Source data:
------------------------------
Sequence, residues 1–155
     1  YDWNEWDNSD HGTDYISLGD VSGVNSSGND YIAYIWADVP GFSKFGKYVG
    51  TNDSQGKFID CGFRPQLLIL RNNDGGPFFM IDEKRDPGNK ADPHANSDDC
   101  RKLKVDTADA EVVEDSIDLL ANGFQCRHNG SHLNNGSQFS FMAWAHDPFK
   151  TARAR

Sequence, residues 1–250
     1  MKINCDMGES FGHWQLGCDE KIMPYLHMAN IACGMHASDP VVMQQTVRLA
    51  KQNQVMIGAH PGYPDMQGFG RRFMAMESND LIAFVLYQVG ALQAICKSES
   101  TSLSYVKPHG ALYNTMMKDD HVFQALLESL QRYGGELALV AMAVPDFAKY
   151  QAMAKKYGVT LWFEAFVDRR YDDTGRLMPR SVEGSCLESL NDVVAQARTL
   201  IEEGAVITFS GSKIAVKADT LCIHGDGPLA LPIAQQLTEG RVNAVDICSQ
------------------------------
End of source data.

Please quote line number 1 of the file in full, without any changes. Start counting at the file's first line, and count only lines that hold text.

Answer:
Sequence, residues 1–155